Parkinson’s is a neurodegenerative disease that affects over 100,000 Canadians to date, with over 6,000 Canadians being diagnosed each year. The average age of onset for Parkinson’s disease is 60, some can be diagnosed at the age of 40 – and in rare cases, even younger. This is known as early-onset Parkinson’s disease.
Famously named after James Parker, who published an essay om the disease in 1918, Parkinson’s disease develops when the cells that produce the chemical known as dopamine die. Dopamine acts as a messenger that tells your brain when you want to move part of your body. However, when these cells die, your dopamine levels drop, making you unable to control your movements and you begin to develop symptoms relating to Parkinson’s including body tremors, slowness and stiffness, muscle rigidity, and impaired balance. Other symptoms associated with Parkinson’s disease may also include fatigue, soft or slurred speech, stooped posture, difficulty handwriting, constipation. Non-motor symptoms may also develop such as depression, trouble swallowing, and cognitive changes such as dementia. It’s also not uncommon for individuals with Parkinson’s to develop depression and anxiety as a result of the diagnosis. While the exact cause of Parkinson’s is not known, it is suspected that it is due to both genetic and environmental factors.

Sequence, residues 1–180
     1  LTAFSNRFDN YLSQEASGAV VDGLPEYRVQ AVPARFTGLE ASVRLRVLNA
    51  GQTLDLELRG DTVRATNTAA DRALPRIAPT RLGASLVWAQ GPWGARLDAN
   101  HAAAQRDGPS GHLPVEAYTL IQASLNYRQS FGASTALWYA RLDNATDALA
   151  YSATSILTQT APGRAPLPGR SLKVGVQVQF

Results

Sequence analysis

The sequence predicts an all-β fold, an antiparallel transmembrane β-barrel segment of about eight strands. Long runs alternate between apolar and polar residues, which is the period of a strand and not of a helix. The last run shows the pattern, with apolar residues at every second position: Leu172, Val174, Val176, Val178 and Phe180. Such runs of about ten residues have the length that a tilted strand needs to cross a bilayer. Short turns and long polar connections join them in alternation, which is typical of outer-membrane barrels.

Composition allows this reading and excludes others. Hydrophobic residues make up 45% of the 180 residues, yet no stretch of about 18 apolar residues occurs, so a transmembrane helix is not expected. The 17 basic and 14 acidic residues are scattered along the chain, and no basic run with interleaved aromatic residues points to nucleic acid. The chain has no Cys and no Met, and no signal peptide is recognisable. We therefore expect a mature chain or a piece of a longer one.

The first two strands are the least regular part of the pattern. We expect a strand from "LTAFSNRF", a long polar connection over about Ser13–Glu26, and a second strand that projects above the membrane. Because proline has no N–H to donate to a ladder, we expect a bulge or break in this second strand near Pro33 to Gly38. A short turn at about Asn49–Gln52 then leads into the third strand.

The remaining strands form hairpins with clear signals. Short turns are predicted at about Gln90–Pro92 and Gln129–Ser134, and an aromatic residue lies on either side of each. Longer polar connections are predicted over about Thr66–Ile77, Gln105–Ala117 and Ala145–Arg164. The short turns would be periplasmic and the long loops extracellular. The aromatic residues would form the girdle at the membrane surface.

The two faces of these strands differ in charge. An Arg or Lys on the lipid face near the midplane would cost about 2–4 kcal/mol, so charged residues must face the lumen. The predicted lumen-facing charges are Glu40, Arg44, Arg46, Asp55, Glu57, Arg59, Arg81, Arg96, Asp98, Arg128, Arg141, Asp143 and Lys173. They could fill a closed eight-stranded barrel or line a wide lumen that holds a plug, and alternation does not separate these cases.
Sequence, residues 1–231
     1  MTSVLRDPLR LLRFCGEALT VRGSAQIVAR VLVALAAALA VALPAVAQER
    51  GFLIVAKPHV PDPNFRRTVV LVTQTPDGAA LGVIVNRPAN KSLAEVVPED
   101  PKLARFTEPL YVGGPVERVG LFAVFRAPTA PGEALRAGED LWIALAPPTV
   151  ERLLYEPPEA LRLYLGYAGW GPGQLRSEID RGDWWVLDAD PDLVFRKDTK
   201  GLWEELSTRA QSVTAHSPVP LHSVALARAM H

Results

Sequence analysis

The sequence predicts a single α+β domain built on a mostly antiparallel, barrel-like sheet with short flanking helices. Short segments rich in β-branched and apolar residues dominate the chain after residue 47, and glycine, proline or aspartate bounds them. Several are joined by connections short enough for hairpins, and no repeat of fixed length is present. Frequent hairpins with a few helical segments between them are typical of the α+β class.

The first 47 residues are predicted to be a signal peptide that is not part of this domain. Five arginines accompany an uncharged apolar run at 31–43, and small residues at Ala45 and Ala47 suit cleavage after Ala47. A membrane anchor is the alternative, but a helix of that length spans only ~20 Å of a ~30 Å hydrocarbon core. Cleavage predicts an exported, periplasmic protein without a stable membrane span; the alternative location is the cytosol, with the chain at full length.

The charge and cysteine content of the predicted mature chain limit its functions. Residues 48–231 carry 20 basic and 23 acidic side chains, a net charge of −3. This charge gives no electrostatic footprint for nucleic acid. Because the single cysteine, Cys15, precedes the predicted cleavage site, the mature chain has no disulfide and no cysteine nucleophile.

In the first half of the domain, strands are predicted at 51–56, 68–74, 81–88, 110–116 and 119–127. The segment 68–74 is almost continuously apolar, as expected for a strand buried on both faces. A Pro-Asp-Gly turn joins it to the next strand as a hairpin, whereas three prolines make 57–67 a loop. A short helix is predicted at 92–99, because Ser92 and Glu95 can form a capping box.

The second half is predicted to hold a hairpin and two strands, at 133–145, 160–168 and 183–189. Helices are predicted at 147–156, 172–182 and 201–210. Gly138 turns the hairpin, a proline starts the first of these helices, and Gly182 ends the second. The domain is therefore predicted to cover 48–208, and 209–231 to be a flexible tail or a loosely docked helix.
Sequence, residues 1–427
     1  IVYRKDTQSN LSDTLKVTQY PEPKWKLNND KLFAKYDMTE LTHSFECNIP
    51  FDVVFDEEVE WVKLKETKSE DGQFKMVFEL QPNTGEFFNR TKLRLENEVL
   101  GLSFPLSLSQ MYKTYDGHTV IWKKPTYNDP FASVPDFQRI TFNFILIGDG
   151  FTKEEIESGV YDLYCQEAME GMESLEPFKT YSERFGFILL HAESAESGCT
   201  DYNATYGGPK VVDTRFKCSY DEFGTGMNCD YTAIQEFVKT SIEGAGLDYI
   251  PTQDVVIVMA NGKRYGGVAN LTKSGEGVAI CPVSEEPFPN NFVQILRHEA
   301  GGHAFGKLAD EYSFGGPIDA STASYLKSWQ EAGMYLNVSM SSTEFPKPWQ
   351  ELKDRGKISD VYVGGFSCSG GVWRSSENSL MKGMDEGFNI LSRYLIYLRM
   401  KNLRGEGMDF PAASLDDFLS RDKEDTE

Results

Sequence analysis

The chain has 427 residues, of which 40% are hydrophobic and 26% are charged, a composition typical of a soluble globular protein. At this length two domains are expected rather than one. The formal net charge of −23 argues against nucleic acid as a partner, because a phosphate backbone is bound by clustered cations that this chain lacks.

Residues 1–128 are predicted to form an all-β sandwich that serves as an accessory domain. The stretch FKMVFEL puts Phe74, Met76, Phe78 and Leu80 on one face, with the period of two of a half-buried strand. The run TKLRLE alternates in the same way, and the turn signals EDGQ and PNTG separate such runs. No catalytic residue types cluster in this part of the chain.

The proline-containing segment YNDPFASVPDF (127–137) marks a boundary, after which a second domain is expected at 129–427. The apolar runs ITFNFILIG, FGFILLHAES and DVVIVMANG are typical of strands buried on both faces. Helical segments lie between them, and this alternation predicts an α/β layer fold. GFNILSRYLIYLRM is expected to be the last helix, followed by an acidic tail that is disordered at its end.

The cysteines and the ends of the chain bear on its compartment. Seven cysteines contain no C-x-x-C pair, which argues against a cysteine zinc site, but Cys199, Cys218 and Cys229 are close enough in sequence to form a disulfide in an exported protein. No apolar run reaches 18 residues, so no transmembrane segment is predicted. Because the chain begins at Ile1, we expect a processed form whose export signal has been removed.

There are typically 5 different stages to Parkinson’s disease. During stage 1, symptoms may be mild and not interfere with one’s quality of life. During stage 2, daily functioning and activities may become more difficult as symptoms worsen. During stage 3, individuals may notice that they are moving more slowly, losing balance more easily, and have frequent falls. During stage 4, symptoms become severe and the individual may need assistance performing daily activities, including walking. Finally, during stage 5, which is considered the most advanced stage of Parkinson’s disease and when the diagnosed individual will need full-time assistance. All of that being said, Parkinson’s disease will affect each individual differently and it can progress at different rates.
As there is no cure for Parkinson’s disease, the main goal is to reduce the symptoms associated with it which can be done by prescribing medications. Many of the medications used work on the chemistry of the brain and can, quite dramatically, improve these symptoms – though as the disease progresses the medication prescribed can lose its effectiveness. Depending on the severity of the symptoms, patients with Parkinson’s disease may also benefit from occupational therapy to help with everyday activities, physical therapy to help with balance, mobility and flexibility, as well as speech therapy. It’s also important to have a good support system of medical professionals to help you manage your disease. A neurologist, for example, specializes in these and other neurological-related disorders and will be able to not only diagnose Parkinson’s disease, but monitor patients with Parkinson’s and determine a treatment plan, while family physicians like Dr. Ali Ghahary will provide ongoing general care to patients including annual exams. Other members of a patient’s health care team may include a psychologist, psychiatrist, social worker and dietitian.